April Focus: OAME
When the Oregon Association of Minority Entrepreneurs' leaders scheduled the organization's first meeting in Beaverton, they expected maybe 20 or 25 people to attend. Instead, it was standing room only, and the attendees snaked out of the Chamber of Commerce meeting room and down the hallway.
It complicated things a bit given that Sam Brooks, OAME's founder and chairman of the board, has a long-standing tradition of asking attendees to introduce themselves and state what business opportunities they are seeking or providing. Yet, Brooks and OAME President Jorge Guerra made sure each person there had a chance to speak before the meeting began.
"We've always been a statewide organization, but obviously the metro area is easier and closer for people to get to. We generally have about 200 people in our meetings in Portland, and that's at 7 a.m., so we expected a few people," Brooks said. "When it was standing room only (in Beaverton), that was pretty impressive."
The inaugural meeting began with Beaverton Mayor Denny Doyle inviting Brooks to host a gathering after the two had attended several events together. OAME serves emerging small businesses owned by minorities, women and disabled veterans, and Brooks and Guerra knew there are many of those people in Beaverton.
"One thing that stood out is that there are about 140 languages spoken in the Beaverton and Washington County area, but when we looked at all the businesses only about 30 percent are (MWESB) certified," Brooks said.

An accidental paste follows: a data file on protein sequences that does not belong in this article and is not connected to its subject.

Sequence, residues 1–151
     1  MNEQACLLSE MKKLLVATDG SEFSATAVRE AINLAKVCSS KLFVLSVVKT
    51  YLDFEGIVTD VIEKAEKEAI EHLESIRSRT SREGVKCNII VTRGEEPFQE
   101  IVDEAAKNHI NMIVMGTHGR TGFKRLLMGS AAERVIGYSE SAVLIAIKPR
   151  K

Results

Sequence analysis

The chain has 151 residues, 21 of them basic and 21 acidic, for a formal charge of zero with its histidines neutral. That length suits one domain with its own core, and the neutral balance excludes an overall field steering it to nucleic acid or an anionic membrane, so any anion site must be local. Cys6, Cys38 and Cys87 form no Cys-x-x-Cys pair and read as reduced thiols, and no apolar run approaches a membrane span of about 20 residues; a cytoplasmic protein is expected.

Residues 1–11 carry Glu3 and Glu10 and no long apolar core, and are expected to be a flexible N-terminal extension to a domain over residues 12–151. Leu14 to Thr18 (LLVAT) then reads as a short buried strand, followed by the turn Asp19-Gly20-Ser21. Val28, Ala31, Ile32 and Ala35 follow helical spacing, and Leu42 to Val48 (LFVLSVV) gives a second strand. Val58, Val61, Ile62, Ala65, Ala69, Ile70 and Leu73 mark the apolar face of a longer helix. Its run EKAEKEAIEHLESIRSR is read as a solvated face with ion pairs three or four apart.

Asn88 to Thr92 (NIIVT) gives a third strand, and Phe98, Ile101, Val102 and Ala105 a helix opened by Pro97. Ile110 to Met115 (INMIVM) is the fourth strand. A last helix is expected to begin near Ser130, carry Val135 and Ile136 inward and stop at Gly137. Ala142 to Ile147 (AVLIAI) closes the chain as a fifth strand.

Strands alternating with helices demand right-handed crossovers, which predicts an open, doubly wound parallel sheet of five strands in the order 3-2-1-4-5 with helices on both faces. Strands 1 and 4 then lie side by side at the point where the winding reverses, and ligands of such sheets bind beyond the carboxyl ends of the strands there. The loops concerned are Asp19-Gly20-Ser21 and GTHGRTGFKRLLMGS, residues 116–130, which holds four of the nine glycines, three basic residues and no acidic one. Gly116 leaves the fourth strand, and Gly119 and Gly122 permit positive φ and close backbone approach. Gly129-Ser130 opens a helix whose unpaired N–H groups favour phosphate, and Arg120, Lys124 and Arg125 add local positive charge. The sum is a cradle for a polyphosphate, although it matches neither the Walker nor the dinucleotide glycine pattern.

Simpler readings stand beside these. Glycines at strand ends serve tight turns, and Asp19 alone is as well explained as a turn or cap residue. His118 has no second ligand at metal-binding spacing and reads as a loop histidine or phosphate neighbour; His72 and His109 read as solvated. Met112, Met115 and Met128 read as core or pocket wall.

Guerra said Doyle kicked off the meeting by discussing opportunities for small businesses, and a conversation about issues of business equity and sustainability followed. Brooks noted that while the conversation about sustainability began about a decade ago, it has continued to evolve and many sectors now recognize that sustainability cannot exist without equity.
Guerra and Brooks said that while OAME's website and social media helped Beaverton MWESB business owners know about the meeting, members of its Advisory Board spread the word as did OAME's network of members.
Face-to-face interactions the day of the meeting aided in building rapport as well. "It works sometimes when people can see you firsthand," Brooks said.
Meetings in Beaverton will now take place every other month, though a larger venue will be needed. Building on the expansion there, OAME plans to focus its growth into Southwest Washington as well, and the organization has added the Washington Department of Transportation to its Advisory Board.
In addition, Guerra attends monthly meetings hosted by Salem Capitol Connections, a community of partners promoting economic opportunities for small businesses. OAME also collaborates with the Governor's Marketplace, which brings together industry professionals and leaders, public and private organizations, diversity and equity practitioners, and connects small businesses to tools and resources to start, sustain and thrive, according to the state's website.
Brooks noted that OAME holds an international meeting every other month in which its members, who come from 60 different countries, introduce themselves in their native language. "They are happy to do it and proud of the countries they come from, and the other members enjoy hearing them introduce themselves in their own language," he said.
As OAME celebrates its 30th anniversary this year and expands into new territory, Brooks said that the organization's motto — "Everybody's In, Nobody's Out" — remains a guiding light now more than ever.
"It isn't that you can't get people to be inclusive, but for some businesses it doesn't come naturally and they need someone to step forward to lead them," he said.
Formed in 1987, OAME is a nonprofit founded to promote and develop entrepreneurship and economic development for MWESB businesses as well as those established and operated by disabled veterans. The 850-member association is a collection of entrepreneurs, public agencies, partner nonprofits and large businesses. It mission is directed toward eliminating discrimination and racism.